Users found an alternative format to the numerous different vendor formats even before PDF/A, already the fast spreading of PDF as a multi-format container which can accommodate text, bitmaps and other content already was a substantial improvement. With the publication of PDF/A as an ISO standard for archiving formats, users now have an explicit guarantee that the visual content of the documents that meet the standard can be reproduced in their original look in the future, e.g. for several decades to come. However, as is with many topics, the devil is in the details. The following typical misconceptions, taken from different projects, help exemplify this.
TIFF is a Standard
Yes and no. TIFF is an industry standard because the specification from Aldus (which was acquired by Adobe years ago) is so widely distributed, that one can assume that the TIFF files conforming to the current TIFF specification 6.0 actually can be viewed with all TIFF viewers. TIFF however has never been approved or standardized by an international standardization organization (ISO, DIN etc.). TIFF also contains a number of proprietary aspects, because these are explicitly permitted. In addition to the “public tags” (these are included in TIFF version 6) there are also so-called “private tags”. With these, vendors can introduce their own specifications, for example for creating annotations, with the consequence that – to stay with this example – the annotations from different vendors are not compatible with each other. There are many examples of such proprietary functions and the more often they are used (a further example are OCR extracts from scanned documents) the more often users will notice problems in their daily business, when migrating or when accessing the files from different viewers.
PDF/A is an Audit-Proof Format
False. Not per se. PDF/A documents can be manipulated just like any other document. If you consider the requirements for audit-proof retention (i.e. the effective and documented protection against intentional or accidental manipulation) then you need a system or process that protects the documents. There are no “audit-proof” document formats. It is amazing how this incorrect requirement (because technically it is impossible to implement) hangs around. What can lead to the goal of “audit-proof” with the help of PDF/A together with a DMS is a retention that is safe, true to original and therefore unchanged with respect to content and look. Also, the problem of accidental changes of the page layout doesn’t exist with PDF/A. For example, whether or not a 20-page Word document in 2009 will still have 20 pages in 2019 depends less on the version of Word, and much more on the printer driver that is available then. This may have a different printable area and force Word to use different page breaks than are used today. This is only one example of the advantages of PDF/A when it comes to achieving an audit-proof archive.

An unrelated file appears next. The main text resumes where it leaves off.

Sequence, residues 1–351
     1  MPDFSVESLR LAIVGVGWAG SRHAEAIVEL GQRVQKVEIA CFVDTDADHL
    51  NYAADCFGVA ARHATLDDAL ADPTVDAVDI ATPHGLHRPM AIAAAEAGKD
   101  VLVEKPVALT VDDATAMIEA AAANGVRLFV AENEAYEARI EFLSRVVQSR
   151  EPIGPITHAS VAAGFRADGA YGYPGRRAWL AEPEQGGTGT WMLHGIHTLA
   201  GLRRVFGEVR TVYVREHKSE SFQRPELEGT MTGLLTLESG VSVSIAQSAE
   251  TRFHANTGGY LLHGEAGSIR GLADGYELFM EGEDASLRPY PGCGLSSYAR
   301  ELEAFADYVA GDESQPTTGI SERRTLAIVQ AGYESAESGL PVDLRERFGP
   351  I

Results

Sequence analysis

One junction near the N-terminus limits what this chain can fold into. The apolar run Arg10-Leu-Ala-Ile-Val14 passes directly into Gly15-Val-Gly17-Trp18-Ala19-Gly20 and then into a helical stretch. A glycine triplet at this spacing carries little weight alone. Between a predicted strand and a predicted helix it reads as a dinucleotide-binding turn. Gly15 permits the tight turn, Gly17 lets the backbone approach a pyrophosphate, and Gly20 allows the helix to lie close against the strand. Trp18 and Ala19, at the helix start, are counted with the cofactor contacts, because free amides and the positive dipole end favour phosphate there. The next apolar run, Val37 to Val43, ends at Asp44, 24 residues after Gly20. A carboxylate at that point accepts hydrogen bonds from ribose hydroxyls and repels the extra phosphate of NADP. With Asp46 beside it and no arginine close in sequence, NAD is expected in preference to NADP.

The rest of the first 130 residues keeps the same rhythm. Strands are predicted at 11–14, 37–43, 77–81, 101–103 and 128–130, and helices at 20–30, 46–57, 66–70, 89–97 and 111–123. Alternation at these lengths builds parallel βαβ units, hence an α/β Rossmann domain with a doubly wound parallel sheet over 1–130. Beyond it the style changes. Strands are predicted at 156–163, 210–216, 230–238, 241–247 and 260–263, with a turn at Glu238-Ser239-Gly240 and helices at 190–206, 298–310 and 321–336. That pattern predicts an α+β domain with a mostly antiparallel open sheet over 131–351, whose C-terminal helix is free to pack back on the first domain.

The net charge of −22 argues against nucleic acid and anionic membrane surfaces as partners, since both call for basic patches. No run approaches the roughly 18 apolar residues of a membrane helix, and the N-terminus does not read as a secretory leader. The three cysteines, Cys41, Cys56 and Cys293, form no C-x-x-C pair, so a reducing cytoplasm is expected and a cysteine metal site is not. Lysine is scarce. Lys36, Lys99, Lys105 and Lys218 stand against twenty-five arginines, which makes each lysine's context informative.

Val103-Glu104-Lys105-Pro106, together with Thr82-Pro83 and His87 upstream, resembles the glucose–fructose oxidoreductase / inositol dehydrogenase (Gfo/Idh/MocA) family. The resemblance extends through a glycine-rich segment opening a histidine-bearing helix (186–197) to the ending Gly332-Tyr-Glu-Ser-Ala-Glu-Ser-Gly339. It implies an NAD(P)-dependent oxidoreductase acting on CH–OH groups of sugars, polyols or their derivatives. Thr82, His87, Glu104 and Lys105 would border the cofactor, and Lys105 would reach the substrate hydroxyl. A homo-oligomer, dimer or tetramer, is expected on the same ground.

PDF/A is a Legal Requirement
All Documents can be Converted to PDF/A
No. There is a need for documents that have other content than what is allowed by the ISO standard 19005-1, for example video, audio, transparent annotations etc. In addition, not every document has a printable view, for example an Microsoft Project file. Such documents must still be retained in a different format – typically their original format – because there simply isn’t a suitable standard format that they can be converted into. The guideline is then: convert all documents to PDF/A where it is possible and practical. Future versions of PDF/A with enhanced functionality can lead to some of the document and information types being categorized as convertible, even though such conversion isn’t possible today. PDF/A is not a static standard, but further parts of the standard will be developed to respond to new requirements from the market. A further variation is worth mentioning: some users (for example the regional archive in Baden-Württemberg) save specific documents both as PDF/A as well as in their original format. With this, they have both the valid visualization at the time the document was created as well as the original format version with non-visible content.